Advice to grow by
The Press Democrat, October 16, 2021
ADVICE TO GROW BY » MASTER GARDENERS
Garlic very easy to get started in October and Planting Cover Crops
Question: My neighbor shared some of her garlic harvest with me. She says it’s easy to grow. How and when can I start growing my own crop?
Answer: Your neighbor is right! Garlic is easy to grow, and October is the optimal time to plant it in Sonoma County.
Garlic is usually planted from individual cloves that make up a bulb. To ensure your garlic is disease-free with large, robust cloves, buy garlic bulbs from a reputable nursery that offers a choice of many noncommercial varieties.
You can find two main types of garlic: hardneck and softneck. Softneck varieties are easier to grow in our USDA zone 9 climate, but hardneck varieties are easier to peel, more flavorful and have larger cloves. Plant several varieties of garlic, including some hardneck, and see which ones grow best in your garden.
Prepare a planting bed of soil that gets six to eight hours of sun each day. Amend the soil with organic compost to promote drainage and add nutrients. Select the largest cloves from each bulb and plant them pointy side up, 4 to 6 inches apart and 2 to 3 inches deep, in rows 8 to 12 inches apart. Apply a 1- to 2-inch layer of organic mulch on top of the garlic to protect them from winter rains and discourage weeds. If you’re planting several varieties, label them.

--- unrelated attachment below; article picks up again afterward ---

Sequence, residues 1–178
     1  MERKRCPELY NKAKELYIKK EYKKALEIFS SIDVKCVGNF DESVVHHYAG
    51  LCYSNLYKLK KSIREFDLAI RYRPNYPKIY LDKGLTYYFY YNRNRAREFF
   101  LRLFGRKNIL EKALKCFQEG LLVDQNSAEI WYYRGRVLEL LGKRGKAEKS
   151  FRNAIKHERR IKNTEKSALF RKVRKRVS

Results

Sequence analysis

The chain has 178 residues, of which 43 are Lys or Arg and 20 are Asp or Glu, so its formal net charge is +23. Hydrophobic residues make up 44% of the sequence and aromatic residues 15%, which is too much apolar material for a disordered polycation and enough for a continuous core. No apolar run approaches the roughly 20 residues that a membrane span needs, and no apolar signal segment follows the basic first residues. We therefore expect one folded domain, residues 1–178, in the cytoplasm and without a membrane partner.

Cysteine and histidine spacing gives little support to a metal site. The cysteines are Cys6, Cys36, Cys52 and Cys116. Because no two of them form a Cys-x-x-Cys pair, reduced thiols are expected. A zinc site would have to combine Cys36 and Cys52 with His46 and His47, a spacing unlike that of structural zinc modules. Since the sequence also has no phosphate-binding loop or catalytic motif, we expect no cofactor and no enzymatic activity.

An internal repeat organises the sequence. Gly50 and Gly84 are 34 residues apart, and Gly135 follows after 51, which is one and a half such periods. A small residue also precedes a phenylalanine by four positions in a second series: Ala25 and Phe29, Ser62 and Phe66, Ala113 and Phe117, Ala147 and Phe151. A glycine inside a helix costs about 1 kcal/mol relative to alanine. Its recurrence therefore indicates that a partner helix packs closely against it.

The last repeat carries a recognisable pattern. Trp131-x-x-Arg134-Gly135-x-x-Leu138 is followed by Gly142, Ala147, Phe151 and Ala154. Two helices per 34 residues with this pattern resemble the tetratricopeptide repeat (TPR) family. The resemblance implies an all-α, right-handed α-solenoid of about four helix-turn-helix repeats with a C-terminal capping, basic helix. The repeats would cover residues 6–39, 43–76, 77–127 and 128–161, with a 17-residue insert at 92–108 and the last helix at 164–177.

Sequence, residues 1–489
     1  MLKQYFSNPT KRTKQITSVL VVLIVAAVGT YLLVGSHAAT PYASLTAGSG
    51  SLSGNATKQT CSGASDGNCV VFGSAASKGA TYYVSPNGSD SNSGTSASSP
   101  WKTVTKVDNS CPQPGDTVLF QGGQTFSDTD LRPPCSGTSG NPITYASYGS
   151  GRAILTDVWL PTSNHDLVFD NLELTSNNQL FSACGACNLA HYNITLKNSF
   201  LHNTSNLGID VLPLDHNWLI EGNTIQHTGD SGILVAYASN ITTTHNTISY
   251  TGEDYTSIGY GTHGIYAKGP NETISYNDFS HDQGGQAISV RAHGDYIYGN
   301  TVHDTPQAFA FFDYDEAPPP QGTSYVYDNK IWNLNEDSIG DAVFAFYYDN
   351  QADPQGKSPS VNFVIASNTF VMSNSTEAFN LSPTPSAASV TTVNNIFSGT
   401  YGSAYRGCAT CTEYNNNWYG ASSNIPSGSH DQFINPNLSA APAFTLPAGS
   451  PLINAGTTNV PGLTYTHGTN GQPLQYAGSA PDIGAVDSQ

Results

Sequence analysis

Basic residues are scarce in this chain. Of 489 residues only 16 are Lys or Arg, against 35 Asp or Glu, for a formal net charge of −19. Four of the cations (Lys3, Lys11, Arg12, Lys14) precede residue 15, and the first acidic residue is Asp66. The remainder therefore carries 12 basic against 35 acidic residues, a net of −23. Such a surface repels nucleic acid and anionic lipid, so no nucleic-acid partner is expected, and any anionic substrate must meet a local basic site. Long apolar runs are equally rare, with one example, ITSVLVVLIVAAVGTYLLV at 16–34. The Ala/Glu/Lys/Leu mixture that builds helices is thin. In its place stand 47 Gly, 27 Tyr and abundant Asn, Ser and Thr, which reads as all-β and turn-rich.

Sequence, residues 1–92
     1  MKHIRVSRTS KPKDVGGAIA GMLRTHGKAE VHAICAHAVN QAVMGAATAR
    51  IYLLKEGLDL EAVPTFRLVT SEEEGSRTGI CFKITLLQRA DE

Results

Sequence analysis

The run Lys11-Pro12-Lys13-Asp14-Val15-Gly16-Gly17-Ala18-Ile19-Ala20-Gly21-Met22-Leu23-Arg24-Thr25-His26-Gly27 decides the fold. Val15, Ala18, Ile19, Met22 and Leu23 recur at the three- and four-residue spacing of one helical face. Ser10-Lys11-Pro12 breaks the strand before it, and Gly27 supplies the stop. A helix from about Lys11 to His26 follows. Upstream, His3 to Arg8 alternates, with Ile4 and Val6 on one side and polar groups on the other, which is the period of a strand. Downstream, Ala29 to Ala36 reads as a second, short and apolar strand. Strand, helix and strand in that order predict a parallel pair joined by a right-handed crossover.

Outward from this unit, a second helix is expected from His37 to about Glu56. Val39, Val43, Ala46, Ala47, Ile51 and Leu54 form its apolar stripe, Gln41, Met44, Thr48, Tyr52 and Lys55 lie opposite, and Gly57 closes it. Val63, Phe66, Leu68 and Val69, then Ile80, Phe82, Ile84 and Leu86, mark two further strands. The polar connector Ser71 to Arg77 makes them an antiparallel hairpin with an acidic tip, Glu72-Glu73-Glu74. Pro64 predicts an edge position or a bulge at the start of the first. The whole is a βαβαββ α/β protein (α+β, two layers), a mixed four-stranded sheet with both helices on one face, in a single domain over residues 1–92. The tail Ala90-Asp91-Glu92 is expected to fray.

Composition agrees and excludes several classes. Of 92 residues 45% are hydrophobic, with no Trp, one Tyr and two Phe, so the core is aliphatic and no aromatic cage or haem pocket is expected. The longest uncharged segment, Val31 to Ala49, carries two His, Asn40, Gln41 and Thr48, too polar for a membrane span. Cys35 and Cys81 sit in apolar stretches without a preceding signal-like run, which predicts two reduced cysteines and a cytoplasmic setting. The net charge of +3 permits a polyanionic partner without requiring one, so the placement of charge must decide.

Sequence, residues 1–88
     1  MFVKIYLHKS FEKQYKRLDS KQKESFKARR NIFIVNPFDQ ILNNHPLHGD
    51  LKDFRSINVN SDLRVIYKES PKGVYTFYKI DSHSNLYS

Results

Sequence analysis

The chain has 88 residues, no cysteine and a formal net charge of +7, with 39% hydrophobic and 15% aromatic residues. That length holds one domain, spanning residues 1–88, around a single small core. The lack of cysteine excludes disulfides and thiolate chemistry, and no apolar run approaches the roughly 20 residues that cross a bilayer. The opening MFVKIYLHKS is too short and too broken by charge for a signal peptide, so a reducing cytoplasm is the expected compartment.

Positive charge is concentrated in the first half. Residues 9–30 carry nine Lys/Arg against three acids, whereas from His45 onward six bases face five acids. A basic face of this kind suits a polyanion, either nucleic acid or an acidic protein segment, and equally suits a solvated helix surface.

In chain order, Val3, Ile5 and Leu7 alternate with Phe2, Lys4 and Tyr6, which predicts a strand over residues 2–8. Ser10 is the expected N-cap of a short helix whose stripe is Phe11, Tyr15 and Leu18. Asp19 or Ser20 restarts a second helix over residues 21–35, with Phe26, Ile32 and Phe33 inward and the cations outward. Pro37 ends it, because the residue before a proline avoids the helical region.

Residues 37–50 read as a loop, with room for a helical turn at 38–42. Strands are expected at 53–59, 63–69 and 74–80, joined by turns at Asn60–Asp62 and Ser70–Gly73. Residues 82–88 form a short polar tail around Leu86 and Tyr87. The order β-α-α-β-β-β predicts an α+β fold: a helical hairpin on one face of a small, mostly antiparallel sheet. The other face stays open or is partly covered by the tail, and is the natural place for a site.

Keep the soil evenly moist, never soggy. Drip irrigation on a timer provides the most consistent amount of water to the root system, where it is needed most. Just remember to turn the drip off during winter rains, to prevent the soil from becoming soggy.
Harvest dates vary according to garlic variety and weather conditions.
On average, garlic matures in seven to eight months. Garlic planted in October is usually harvested in late May, just in time to free up planting beds for tomatoes and other hot-weather crops.
Garlic is ready to harvest when about half the leaves start to turn yellow- brown. At this stage, gently check around the bulb to see if individual cloves are evident. Once the bulb is the size you want, stop irrigating for a week to let the soil to dry out.
To harvest bulbs, lift them carefully and gently brush any soil from the roots. Leave the outer skins intact and lay the plants flat on a screen in a dry, warm place out of direct sun, with good air circulation. Let the plants cure until they are dry to the touch.
Once bulbs are cured, store them in a cool, dark cupboard. Garlic keeps for several months and enhances the flavor of so many dishes. Happy planting and bon appetit!
Question: I’m not growing a winter vegetable garden. Is there anything I can do to improve the soil in my garden?
Answer: Absolutely! One of the best things you can do to improve the life in your soil and benefit both your garden and the environment is to plant a cover crop that:
- Adds nutrients and improves soil structure
- Reduces erosion and water runoff
- Sequesters carbon
- Controls weeds
- Loosens compacted soil